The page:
The society’s future will be shaped partly by the future of psychoanalysis as a discipline and a practice, by the scholarly creativity of its members, by the practical experience members and others gain in consulting to organizations with a psychoanalytic lens, and by wider trends in the scholarly community. While psychoanalysis’ intellectual and practical footprint has been shrinking,[19][20] it appears that cognitive psychologists,[21] behavioral-finance scholars[22] and neuroscience researchers[23] are increasingly exploring the role of emotions in individual and group decision making as well as the role of the unconscious in perception and understanding.[24] This development portends positively for the future of the psychoanalytic study of organizations.


  1. ^
  2. ^ Burkard Sievers, et al, eds., Psychoanalytic Studies of Organizations: Contributions from the International Society for the Psychoanalytic Study of Organizations, London: Karnac Books, 2009
  3. ^ Psychoanalytic Reflections in a Changing World, Halina Bruning, ed., London: Karnac Books, 2012
  4. ^ [1][dead link]
  5. ^
  6. ^ "Welcome to the ISPSO Library | ISPSO Library". Retrieved 2013-03-25. 
  7. ^ Esman AH., "What is 'Applied' in Applied Psychoanalysis," International Journal of Psychoanalysis, August, 1998, pp., 741-756.
  8. ^ Askew, M., "Psychoanalysis and Literary Criticism," Psychoanalytic Review, Volume 51, 1964 pp. 211-218
  9. ^ Burston, Daniel, Erik Erikson and the American Psyche Ego, Ethics, and Evolution, Lanham, MD, Jason Aaronson, 2007
  10. ^ Zaleznik, Abraham, Hedgehogs and Foxes : Character, Leadership, and Command in organizations, New York: Palgrave MacMillan, 2008.
  11. ^ Twemlow SW, et al, "A Development Approach to Mentalizing Communities: The Peaceful Schools Experiment," Bulletin of the Menninger Clinic, Fall 2005, pp. 282-304.
  12. ^ Macgregor Burns James, Leadership New York: Harper and Row. 1978
  13. ^ Obholzer, Anton and Roberts, Vega, The Unconscious at work : Individual and Organizational Stress in the Human Services. London: Routledge,1994.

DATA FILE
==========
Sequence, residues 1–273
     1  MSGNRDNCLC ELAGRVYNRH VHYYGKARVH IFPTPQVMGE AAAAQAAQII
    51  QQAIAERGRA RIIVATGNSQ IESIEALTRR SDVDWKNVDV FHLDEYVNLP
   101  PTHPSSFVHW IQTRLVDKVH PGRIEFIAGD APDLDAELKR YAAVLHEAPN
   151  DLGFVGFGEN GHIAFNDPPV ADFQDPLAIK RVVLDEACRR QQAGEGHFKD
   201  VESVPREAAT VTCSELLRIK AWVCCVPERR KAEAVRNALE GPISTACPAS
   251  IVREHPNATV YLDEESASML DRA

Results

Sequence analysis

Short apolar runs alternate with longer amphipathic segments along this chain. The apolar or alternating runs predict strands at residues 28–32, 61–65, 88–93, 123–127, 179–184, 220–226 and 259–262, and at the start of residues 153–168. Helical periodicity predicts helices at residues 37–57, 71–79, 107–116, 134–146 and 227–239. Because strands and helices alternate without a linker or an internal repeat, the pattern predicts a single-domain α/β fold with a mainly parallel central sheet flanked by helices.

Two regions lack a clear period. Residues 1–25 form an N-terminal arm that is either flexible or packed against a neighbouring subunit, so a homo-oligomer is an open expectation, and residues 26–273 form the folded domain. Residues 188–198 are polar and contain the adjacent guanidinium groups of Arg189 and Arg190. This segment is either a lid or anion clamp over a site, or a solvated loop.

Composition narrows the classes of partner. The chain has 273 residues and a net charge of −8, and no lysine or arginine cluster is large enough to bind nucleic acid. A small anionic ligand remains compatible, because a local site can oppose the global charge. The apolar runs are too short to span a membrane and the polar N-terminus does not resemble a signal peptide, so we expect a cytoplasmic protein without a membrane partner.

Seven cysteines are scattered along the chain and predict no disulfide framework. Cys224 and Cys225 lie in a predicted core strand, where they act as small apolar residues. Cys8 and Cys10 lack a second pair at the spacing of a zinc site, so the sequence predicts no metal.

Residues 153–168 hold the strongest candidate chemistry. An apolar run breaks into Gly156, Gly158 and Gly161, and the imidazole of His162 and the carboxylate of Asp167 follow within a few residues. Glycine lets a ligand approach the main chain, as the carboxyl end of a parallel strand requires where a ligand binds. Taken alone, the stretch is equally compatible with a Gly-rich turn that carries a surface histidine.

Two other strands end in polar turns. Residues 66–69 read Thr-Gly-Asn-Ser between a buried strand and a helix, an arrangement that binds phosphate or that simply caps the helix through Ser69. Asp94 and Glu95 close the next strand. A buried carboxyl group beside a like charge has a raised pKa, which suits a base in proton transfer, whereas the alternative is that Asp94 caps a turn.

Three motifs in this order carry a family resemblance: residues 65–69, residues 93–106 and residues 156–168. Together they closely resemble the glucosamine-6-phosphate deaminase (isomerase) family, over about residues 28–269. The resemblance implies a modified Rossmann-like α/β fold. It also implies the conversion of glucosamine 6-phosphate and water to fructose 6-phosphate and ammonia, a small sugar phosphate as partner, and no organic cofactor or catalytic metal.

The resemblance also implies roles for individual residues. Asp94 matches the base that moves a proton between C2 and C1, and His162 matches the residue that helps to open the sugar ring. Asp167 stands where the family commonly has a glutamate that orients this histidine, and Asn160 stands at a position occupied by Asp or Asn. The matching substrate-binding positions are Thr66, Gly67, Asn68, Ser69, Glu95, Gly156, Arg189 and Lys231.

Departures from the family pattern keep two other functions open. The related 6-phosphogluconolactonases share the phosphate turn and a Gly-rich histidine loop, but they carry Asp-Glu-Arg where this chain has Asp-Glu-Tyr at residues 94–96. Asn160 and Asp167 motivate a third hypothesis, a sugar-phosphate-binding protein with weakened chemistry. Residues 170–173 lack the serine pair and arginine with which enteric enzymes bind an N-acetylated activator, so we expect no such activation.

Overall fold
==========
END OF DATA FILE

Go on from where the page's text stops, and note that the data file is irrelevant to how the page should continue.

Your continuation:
14. ^ Arnaud, Gilles, "The Organization and the Symbolic : Organizational Dynamics Viewed from a Lacanian Perspective', Human Relations, Vol. 55, No. 6, pp. 691-720
  15. ^ Trist, Eric and Murray, Hugh, The Social Engagement of Social Science: A Tavistock Anthology, Philadelphia: University of Pennsylvania, 1990
  16. ^ "Academy of Management". Retrieved 2013-03-25. 
  17. ^ "OD Network". OD Network. Retrieved 2013-03-25. 
  18. ^ "Bibliography". ISPSO. 2002-05-05. Retrieved 2013-03-25. 
  19. ^ Kandel Eric, "Biology and the Future of Psychoanalysis: A New Intellectual Framework for Psychiatry Revisited," American Journal of Psychiatry, Vol. 156, 1999, pp. 505-524
  20. ^ Carey, Benedict, "A Conversation With Dr. Owen Renik:An Analyst Questions the Self-Perpetuating Side of Therapy," New York Times, October 10, 2006
  21. ^ Zabarenko Lucy,"Psychoanalysis, Neuroscience, and Cognitive Psychology: Some Samples From Recent Research," Psychoanalytic Psychology, Vol 21, No. 3, 2012, pp.488-492
  22. ^ Shiller Robert, “Behavioral Finance: The Role of Psychology,” class lecture/youtube, Yale University Course,
  23. ^ Berlin, Heather & Koch, Christof,"Defense Mechanisms: Neuroscience Meets Psychoanalysis," Scientific American,http://www.scientificamerican
  24. ^ Damasio Antonio,The Feeling of What Happens: Body and Emotion in the Making of Consciousness, New York: Harcourt Brace, 1999